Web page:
Getting satellites into space will, in the years to come, also be possible from Australia. Commercial space launch companies such as Gilmour Space Technology and Black Sky Aerospace are developing sovereign launch capability. Prospective launch sites are being developed at Nhulunbuy near Gove in the Northern Territory and at Whalers Way near Port Lincoln in South Australia.
It’s disappointing that the strategic update and force structure plan don’t explicitly note the importance of sovereign space launch if we are to pursue greater space capabilities. The plan notes in paragraph 6.9 that ‘the government’s plans include the development of options to enhance ADF space control through capabilities to counter emerging space threats to Australia’s free use of the space domain and that assure our continued access to space-based intelligence, surveillance and reconnaissance’. Assuring continued access is always going to be less certain if we’re dependent on others to launch our vital space capabilities. An Australian capability needs to be responsive, so that we can launch independently and quickly if need be.
An Australian defence space strategy must bring together disparate efforts and projects and explain coherently why the defence establishment sees space capability and the space domain as important and what its goals are in the coming decade. That strategy exists in a classified document, which few get to see. Defence needs to have a clear voice on space, and an unclassified Australian defence space strategy is a good way to achieve that. Australia needs to follow the US’s lead in this instance.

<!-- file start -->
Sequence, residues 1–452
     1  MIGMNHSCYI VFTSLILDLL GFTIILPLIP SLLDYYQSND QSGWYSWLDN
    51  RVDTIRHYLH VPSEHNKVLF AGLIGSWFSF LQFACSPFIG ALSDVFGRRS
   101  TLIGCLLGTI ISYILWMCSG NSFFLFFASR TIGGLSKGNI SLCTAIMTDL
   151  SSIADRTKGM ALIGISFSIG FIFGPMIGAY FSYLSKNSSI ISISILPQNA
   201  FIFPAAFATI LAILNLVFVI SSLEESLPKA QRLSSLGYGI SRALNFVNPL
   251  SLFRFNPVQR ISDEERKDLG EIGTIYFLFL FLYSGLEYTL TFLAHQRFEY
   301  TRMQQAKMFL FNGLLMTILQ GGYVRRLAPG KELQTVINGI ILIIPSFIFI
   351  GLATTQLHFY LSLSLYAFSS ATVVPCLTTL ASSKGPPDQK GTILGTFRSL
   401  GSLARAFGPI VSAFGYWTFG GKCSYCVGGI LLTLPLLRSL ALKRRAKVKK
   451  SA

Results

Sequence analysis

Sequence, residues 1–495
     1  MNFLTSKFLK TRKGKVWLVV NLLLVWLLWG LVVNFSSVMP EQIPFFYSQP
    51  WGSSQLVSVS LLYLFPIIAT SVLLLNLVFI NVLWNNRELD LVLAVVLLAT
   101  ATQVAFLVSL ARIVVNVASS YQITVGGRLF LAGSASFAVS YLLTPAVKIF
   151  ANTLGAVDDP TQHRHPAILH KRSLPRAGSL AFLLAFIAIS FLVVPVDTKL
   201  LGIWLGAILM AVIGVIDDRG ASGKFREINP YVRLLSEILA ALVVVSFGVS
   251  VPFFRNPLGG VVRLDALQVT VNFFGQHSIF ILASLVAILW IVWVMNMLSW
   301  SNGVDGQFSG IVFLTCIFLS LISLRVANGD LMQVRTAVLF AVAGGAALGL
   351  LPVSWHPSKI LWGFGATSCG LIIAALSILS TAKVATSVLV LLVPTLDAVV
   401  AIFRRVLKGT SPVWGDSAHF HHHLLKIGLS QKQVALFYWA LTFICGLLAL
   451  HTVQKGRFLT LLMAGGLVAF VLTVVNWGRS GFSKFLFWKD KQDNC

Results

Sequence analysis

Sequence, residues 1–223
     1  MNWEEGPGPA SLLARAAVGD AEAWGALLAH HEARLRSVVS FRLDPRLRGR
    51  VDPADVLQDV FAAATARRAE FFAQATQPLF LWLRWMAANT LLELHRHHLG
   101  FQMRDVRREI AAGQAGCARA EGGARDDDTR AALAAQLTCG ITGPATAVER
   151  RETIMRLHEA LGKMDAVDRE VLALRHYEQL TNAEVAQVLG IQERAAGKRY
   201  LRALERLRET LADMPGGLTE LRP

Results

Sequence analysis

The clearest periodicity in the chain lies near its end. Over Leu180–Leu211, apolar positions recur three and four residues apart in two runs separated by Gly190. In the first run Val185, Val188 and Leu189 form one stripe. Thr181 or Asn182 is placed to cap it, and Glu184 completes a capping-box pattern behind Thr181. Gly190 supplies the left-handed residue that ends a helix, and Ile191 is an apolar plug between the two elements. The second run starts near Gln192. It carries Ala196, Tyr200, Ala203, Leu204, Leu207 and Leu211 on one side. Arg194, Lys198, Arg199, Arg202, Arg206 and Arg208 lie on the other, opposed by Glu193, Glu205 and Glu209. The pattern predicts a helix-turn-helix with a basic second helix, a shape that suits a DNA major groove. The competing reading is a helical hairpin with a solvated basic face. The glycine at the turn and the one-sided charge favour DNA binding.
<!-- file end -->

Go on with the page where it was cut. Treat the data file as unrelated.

There also needs to be organisational change to bring Defence’s space professionals together in a new organisation—an ADF space command—that can not only pursue the next stages of space development and cooperation with allies but also think deeply about the future. The risk with the current approach of having individuals, groups and projects spread across the defence hierarchy is that we’ll be reactive rather than proactive in the rapidly changing strategic environment of space.
Malcolm Davis is a senior analyst at ASPI.